Students see room for improvement in diversity of MCPS curriculum


Graphic by Matthew Adjodha

Many students believe that there is still room for improvement in the level of representation and diversity in the MCPS curriculum.

Kobina Asafu-Adjaye, Features Writer

School districts around the country have made great strides in recent years for creating more classes and changing their curriculums to help students feel more represented in what they learn. MCPS is a great example of this, as some schools have courses like Middle Eastern History and African-American History, as well as an LGBTQ+ Studies course which is set to pilot next school year. The county has a plethora of courses like these, but only a fraction are widespread at multiple schools, and many are only electives.

Progress has been made, but many students believe that there is still more work to be done to improve inclusivity in our school system. Sophomore Jaiden Burney believes that English curriculums can do a better job of incorporating more content for students of color who are not African American.

“Although English courses have been tailoring their curriculum to represent students of color, they are still leaving behind other racial groups like Pacific Islanders, Asians, Latinx and many others,” she said.

Senior Sarasi Gunasekara agrees with Burney about the lack of representation in the books students read in English classes. Some of these titles include The Odyssey, To Kill a Mockingbird and Of Mice and Men

“It’s understandable that classical works such as Shakespeare and Jane Austen are important works in literature, but bringing in new works that represent other backgrounds as well as educating students about these unique backgrounds are important,” Gunasekara said.

Burney also said how the content taught in history classes does not always relate to all students. 

“We only learn about a small tiny portion of the history of a specific racial group when it involves the U.S. in some way,” she said.

That was the first time in my entire life where I truly felt like the author understood my struggles as a black female in a predominantly white society.”

— Jaiden Burney

Gunasekara does think that having U.S. History as a required course is sensible since it gives students the chance to learn about the country they reside in. However, she still believes that more students should have the opportunity to learn about their own cultural backgrounds in more courses.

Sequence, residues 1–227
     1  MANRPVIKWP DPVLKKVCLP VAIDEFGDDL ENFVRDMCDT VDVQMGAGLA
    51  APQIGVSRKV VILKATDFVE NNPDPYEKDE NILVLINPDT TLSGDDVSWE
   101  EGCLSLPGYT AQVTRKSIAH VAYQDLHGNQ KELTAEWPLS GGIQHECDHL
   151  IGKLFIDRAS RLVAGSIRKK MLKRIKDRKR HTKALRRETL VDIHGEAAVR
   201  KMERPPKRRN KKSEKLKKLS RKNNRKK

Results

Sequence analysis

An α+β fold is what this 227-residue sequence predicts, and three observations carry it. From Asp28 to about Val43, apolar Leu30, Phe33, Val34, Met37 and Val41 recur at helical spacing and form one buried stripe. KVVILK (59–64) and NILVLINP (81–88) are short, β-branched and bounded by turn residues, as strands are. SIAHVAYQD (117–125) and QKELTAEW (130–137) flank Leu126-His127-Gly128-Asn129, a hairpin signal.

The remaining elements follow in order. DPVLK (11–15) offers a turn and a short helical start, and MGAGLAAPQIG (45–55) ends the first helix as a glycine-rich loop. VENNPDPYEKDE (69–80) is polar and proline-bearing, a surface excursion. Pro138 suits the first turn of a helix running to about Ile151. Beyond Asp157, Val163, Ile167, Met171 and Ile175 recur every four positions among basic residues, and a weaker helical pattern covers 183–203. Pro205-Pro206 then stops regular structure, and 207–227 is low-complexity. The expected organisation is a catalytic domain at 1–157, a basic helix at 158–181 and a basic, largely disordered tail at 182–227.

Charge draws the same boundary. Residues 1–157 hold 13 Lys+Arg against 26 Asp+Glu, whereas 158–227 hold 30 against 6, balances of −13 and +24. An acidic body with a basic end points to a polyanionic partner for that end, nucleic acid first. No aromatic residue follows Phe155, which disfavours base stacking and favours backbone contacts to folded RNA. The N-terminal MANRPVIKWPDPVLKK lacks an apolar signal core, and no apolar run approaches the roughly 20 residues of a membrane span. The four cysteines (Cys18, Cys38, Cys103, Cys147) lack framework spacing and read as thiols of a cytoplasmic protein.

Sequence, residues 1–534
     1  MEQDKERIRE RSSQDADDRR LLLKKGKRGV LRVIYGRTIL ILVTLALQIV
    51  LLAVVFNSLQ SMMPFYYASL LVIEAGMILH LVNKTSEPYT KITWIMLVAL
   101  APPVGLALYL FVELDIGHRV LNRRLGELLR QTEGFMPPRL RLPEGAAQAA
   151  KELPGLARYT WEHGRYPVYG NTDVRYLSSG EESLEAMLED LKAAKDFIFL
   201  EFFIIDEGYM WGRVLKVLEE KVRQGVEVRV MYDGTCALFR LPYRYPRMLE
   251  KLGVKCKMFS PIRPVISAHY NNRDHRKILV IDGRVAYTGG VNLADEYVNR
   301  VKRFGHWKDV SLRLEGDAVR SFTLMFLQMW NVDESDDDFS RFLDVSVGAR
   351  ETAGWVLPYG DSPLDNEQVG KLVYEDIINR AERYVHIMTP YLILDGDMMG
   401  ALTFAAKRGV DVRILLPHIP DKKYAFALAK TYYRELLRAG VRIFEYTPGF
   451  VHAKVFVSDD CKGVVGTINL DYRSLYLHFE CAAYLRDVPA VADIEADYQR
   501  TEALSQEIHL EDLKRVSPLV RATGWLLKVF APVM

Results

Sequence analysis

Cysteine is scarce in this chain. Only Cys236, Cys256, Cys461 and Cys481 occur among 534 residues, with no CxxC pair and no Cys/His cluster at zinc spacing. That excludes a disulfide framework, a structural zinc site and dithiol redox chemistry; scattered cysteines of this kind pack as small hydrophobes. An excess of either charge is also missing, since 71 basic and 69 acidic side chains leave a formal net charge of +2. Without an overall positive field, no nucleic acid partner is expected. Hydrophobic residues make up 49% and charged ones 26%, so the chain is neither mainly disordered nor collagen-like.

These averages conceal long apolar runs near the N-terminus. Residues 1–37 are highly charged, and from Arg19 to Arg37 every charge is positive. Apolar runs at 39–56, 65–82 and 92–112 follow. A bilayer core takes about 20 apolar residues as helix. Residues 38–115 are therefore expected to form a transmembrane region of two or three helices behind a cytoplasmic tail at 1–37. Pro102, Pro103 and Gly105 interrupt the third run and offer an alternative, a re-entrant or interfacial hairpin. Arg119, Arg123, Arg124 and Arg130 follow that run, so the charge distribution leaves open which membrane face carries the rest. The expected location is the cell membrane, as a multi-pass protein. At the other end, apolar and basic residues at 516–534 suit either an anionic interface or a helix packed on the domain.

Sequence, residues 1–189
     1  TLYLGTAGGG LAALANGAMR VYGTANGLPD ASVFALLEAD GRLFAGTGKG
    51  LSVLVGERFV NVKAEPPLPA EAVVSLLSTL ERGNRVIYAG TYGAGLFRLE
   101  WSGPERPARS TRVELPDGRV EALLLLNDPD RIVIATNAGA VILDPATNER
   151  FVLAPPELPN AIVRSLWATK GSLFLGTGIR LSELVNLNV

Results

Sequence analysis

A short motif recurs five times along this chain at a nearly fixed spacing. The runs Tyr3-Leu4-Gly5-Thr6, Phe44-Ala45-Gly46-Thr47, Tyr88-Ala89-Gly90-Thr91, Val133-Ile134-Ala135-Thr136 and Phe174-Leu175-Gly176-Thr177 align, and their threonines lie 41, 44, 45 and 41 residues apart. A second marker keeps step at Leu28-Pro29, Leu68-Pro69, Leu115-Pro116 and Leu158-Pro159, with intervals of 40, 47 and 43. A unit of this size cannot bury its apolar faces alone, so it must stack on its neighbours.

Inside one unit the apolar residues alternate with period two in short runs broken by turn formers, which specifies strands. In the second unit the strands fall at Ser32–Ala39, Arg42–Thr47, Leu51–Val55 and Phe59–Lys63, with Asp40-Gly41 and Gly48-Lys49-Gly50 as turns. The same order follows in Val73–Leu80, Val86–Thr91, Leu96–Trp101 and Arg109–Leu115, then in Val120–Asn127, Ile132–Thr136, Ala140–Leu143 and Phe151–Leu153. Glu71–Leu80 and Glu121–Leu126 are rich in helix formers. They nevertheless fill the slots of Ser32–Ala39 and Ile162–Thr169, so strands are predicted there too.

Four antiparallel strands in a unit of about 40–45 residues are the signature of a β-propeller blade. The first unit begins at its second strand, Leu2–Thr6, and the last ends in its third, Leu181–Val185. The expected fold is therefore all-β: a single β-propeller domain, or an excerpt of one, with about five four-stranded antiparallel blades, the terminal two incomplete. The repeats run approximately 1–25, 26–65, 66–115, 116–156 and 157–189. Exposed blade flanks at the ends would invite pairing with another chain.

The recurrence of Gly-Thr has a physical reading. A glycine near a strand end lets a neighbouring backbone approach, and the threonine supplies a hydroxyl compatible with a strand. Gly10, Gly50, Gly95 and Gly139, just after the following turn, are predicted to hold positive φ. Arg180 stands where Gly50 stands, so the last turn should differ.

“There are many students who have parents from different countries or are themselves from different countries. These students should also have the chance to learn about the history of their backgrounds as well,” she stated.

In terms of being able to relate to the topics she learned, the happiest Burney felt with what she was learning and how it connected to her culture and background was during a poetry unit in her freshman year.

“One of the options was ‘[Still] I Rise’ by Maya Angelou, and I immediately chose it. That was the first time in my entire life where I truly felt like the author understood my struggles as a black female in a predominantly white society,” Burney explained.

Burney going multiple years through her school career before feeling connected to what she learns indicates how it’s vital for curriculums to change. 

Even though there was not a specific time where she felt that she could personally relate to a cultural topic being discussed in class, Gunasekara did highlight a course that she felt allowed her to expand her knowledge about other cultures.

“Throughout my school career, I really enjoyed taking Anthropology. Although my culture/background was not specifically related, it was nice to learn about cultures other than American and European.”

Additionally, Gunasekara, who is South Asian, said how there is a lack of awareness in society when it comes to knowing about South Asian cultures because there are very few courses in school that teach about the area and the customs that are practiced by people who are from the area.

I believe that if students are able to learn about different cultures, not just South Asian, but Eastern Asian, African, etc., people would be able to become more open-minded and perceptive of the world that they live in,” she said.

For Burney, who has recently expressed her want for more diversity in school curriculums to staff members, she encourages other students to speak with teachers and administrators if they want to see a change be made.

“I feel [like] my peers forget that there is strength in numbers, and together, I feel we have the power to change our curriculums.”